American farmers worry they'll pay the price of Trump's trade war
Farmers are often the first to feel the hit in trade disputes that may not involve their own products, said Salmonsen. This time, the scale of the dispute could hardly be worse: US agricultural exports are worth about $140bn a year. Canada and Mexico import about $39bn worth, China’s share is $20bn and the EU around $12bn. All those countries have threatened retaliation over metal tariffs.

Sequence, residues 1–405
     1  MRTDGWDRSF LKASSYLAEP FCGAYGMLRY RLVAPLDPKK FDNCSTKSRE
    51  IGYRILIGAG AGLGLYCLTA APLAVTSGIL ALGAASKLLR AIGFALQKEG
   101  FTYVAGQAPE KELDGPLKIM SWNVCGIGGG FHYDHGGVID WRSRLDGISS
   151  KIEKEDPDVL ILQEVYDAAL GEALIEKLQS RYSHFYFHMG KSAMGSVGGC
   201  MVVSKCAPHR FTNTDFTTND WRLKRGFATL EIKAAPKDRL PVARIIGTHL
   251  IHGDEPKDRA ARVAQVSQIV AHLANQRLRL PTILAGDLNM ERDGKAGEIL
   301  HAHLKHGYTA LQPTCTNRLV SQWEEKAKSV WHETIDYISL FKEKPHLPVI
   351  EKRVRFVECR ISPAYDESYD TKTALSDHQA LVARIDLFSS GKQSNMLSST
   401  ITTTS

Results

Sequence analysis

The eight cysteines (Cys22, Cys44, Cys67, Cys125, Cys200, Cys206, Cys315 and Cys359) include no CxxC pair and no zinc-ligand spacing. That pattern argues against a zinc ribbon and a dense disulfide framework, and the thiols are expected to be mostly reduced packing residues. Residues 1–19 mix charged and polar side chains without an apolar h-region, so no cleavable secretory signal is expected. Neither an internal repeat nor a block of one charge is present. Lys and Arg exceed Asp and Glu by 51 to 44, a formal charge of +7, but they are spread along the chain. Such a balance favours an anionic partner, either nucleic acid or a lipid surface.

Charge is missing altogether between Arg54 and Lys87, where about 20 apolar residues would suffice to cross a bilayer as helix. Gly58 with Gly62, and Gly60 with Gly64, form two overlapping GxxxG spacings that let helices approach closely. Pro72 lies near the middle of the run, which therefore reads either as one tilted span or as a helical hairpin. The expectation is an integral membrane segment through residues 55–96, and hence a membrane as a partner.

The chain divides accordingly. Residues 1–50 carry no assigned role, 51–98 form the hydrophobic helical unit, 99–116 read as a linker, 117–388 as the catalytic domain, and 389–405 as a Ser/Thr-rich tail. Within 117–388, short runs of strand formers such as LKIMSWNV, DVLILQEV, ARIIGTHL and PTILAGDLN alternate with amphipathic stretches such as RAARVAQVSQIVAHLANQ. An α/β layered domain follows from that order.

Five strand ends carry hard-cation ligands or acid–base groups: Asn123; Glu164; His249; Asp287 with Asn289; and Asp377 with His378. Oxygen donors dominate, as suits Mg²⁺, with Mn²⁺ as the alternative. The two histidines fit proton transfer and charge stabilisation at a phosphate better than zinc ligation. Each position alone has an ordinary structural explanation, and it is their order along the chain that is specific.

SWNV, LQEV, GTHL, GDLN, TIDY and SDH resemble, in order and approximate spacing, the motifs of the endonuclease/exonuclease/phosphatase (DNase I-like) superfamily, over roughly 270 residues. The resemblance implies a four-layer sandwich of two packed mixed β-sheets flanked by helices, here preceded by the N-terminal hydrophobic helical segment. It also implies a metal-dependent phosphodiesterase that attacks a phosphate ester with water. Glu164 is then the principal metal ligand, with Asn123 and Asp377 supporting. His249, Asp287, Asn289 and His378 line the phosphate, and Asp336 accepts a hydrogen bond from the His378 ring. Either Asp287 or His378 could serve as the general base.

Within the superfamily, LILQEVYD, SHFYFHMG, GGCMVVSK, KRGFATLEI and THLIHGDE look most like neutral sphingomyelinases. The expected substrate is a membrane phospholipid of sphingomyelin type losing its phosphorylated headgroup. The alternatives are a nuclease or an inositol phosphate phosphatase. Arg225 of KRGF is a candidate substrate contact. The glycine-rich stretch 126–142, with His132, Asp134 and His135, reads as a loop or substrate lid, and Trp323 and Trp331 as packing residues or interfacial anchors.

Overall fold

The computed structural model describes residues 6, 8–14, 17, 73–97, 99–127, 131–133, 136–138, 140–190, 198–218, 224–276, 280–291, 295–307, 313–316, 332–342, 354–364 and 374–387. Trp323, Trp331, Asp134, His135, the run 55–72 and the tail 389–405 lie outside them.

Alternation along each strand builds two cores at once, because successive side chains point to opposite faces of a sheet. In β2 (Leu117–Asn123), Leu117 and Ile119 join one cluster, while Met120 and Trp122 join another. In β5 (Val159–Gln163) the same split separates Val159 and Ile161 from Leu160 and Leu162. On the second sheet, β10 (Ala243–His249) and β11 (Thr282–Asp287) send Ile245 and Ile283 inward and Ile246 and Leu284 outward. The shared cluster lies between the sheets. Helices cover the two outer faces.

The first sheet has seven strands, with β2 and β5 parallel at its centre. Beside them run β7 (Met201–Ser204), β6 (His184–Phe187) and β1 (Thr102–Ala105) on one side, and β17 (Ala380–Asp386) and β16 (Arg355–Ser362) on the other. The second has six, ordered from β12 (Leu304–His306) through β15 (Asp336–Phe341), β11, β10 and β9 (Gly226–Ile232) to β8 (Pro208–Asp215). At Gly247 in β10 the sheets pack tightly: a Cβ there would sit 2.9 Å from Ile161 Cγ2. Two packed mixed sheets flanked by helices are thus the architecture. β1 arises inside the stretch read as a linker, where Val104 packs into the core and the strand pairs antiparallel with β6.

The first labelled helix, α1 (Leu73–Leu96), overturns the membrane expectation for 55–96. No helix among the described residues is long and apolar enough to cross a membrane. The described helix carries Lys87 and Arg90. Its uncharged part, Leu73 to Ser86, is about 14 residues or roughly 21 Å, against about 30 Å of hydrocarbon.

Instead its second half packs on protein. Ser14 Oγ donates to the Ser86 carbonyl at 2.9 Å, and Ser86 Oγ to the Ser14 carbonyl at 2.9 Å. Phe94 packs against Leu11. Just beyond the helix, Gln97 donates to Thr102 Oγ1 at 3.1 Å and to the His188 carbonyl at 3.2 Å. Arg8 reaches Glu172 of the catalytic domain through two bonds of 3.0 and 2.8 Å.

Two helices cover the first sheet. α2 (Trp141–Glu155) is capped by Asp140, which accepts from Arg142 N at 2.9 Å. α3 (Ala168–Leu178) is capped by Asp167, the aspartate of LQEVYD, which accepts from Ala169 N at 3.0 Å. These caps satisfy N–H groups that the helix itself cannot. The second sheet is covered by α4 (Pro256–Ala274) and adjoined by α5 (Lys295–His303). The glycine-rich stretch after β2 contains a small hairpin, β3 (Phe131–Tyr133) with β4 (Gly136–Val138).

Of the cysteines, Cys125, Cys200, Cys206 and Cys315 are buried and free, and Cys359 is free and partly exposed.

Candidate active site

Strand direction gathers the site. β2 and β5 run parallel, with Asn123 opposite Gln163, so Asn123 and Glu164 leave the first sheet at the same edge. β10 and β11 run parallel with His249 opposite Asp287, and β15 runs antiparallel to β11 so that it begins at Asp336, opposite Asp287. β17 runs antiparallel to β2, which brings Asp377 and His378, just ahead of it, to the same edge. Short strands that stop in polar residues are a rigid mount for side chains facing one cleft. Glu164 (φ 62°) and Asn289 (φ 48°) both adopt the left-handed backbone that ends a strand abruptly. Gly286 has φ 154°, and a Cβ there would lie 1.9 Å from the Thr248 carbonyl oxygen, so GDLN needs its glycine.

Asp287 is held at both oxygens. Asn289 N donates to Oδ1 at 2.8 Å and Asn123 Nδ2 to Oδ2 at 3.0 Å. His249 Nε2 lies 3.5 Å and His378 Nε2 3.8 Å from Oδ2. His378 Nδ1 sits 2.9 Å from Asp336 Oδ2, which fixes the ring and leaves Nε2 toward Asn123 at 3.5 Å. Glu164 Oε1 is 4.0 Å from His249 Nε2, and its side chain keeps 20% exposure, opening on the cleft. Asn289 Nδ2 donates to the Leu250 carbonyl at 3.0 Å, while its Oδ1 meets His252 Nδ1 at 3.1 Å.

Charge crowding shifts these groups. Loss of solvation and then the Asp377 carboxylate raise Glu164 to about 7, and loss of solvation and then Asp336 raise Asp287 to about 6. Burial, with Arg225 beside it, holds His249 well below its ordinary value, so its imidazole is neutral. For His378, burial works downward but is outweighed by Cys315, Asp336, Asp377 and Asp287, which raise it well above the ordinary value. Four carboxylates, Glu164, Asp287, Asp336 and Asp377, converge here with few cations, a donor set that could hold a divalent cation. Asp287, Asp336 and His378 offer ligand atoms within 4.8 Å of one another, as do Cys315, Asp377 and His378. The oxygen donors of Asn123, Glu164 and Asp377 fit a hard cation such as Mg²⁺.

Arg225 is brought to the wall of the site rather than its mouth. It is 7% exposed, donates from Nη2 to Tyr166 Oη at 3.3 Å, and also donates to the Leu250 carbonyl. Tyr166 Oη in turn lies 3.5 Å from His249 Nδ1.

The US has probably never before had a delusional President, one who speaks gibberish, insults those around him including his closest associates, and baffles the world. By instinct, we strive to make sense of Trump's nonsense, implicitly assuming some hidden strategy. There is none. Trump's trade actions are blatantly illegal. They are flimsily justified as an act of national security, but this is sheer nonsense. They are also fatuous in terms of US economic and geopolitical interests. Harming our closest allies, raising the prices on key intermediate products, and provoking retaliation cannot possibly deliver higher wages, better jobs, or an improved trade balance. Trump's latest notion to slap tariffs on German automobiles would be even more damaging geo-politically.